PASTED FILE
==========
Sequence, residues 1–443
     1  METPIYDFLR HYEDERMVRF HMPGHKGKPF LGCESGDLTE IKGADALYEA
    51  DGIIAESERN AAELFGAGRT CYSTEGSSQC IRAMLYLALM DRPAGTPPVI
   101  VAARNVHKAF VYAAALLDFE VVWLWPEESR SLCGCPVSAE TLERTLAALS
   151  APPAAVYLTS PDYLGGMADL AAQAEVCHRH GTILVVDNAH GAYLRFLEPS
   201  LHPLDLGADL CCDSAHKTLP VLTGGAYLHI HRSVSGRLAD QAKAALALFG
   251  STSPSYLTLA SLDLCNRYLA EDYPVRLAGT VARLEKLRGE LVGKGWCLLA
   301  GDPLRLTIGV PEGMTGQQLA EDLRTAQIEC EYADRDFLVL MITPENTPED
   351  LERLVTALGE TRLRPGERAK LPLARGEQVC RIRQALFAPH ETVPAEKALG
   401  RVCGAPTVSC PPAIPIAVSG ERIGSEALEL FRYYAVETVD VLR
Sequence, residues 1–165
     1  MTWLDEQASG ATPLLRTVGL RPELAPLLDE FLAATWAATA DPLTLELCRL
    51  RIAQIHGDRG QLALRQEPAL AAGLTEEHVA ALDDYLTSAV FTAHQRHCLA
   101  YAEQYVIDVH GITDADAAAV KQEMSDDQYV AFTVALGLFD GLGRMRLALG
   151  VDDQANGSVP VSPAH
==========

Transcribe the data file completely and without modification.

Sequence, residues 1–443
     1  METPIYDFLR HYEDERMVRF HMPGHKGKPF LGCESGDLTE IKGADALYEA
    51  DGIIAESERN AAELFGAGRT CYSTEGSSQC IRAMLYLALM DRPAGTPPVI
   101  VAARNVHKAF VYAAALLDFE VVWLWPEESR SLCGCPVSAE TLERTLAALS
   151  APPAAVYLTS PDYLGGMADL AAQAEVCHRH GTILVVDNAH GAYLRFLEPS
   201  LHPLDLGADL CCDSAHKTLP VLTGGAYLHI HRSVSGRLAD QAKAALALFG
   251  STSPSYLTLA SLDLCNRYLA EDYPVRLAGT VARLEKLRGE LVGKGWCLLA
   301  GDPLRLTIGV PEGMTGQQLA EDLRTAQIEC EYADRDFLVL MITPENTPED
   351  LERLVTALGE TRLRPGERAK LPLARGEQVC RIRQALFAPH ETVPAEKALG
   401  RVCGAPTVSC PPAIPIAVSG ERIGSEALEL FRYYAVETVD VLR
Sequence, residues 1–165
     1  MTWLDEQASG ATPLLRTVGL RPELAPLLDE FLAATWAATA DPLTLELCRL
    51  RIAQIHGDRG QLALRQEPAL AAGLTEEHVA ALDDYLTSAV FTAHQRHCLA
   101  YAEQYVIDVH GITDADAAAV KQEMSDDQYV AFTVALGLFD GLGRMRLALG
   151  VDDQANGSVP VSPAH